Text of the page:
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This research explores the idea of extracting three-dimensional features from video clips, in order to aid various video analysis and mining tasks. Although video analysis problems are well-established in the literature, the use of three-dimensional information in is scarce due to the inherent difficulties of building such a system. When the only input to the system is a video stream with no previous knowledge of the scene or camera (a typical scenario in video analysis), extracting meaningful and accurate 3D representations becomes a very difficult task. However, several recently proposed methods have shown some progress in working towards this goal by applying techniques from various other topics including simultaneous localization and mapping, structure from motion, and 3D reconstruction. In the research presented here, I present two main contributions towards solving this problem. First, I propose a method capable of generating a three-dimensional representation of a scene as observed by a monocular video, using no previous information. The method exploits the movement of the camera while robustly tracking features over time in order to obtain multiple views of a scene and perform 3D reconstruction. This system performs automatic camera calibration, estimates the three-dimensional structure of the scene, and tracks the scene across time while refining its results as new frames are obtained. Additionally, the system can track a scene even under the presence of moving people, a limitation of most SLAM and SFM approaches available in the literature. Secondly, I present a method for extracting the three-dimensional pose and motion of a person in a video. The method extends previously published work related to two-dimensional human pose estimation by incorporating a human motion model and expands the two-dimensional pose onto three dimensions using several heuristics. Together, these methods yield an intrinsic 3D representation of the static background and the people in a scene which can be used to solve various video analysis tasks. To prove the feasibility of my proposed method, I show how it can be used to solve a selection of video analysis tasks. First, I show how a three-dimensional point cloud of the scene can be used along with robust feature tracking to detect shot- boundaries in the video. Next, I present an automatic approach to stereoscopic video conversion using no prior knowledge of the input video. Finally, I illustrate how a three-dimensional human model can be incorporated with simple linear classifiers to perform human action recognition with high classification results.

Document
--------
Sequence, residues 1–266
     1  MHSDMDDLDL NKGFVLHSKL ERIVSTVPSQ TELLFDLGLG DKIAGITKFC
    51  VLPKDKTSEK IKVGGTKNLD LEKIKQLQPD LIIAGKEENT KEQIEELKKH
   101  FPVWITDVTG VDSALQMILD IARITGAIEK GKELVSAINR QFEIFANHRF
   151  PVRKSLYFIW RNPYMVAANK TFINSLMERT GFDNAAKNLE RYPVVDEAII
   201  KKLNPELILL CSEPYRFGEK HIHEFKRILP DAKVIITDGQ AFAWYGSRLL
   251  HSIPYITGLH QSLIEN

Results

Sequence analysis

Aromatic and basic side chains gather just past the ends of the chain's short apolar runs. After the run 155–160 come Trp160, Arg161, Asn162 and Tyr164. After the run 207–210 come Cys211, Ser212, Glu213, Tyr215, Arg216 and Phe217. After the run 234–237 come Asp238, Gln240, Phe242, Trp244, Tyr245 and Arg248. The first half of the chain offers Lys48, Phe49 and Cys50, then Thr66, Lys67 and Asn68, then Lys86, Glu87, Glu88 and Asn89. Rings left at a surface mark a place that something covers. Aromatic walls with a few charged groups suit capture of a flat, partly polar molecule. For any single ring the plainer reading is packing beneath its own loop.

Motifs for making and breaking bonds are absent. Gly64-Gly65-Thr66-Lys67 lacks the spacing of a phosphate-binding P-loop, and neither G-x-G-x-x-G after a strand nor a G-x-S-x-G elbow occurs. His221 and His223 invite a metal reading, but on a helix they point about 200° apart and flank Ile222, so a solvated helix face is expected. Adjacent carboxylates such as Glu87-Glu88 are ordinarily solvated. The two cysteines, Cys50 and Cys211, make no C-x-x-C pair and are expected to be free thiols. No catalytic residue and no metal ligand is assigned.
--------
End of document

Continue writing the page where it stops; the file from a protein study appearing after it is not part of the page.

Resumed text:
3D, structure from motion, video analysi, shot boundary detection, stereoscopic, activity recognition, image processing
Date of Defense
June 24, 2011.
A Dissertation submitted to the Department of Computer Science in partial fulfillment of the requirements for the degree of Doctor of Philosophy.
Includes bibliographical references.
Xiuwen Liu, Professor Directing Thesis; Victor Patrangenaru, University Representative; Piyush Kumar, Committee Member; Gary Tyson, Committee Member.
Florida State University
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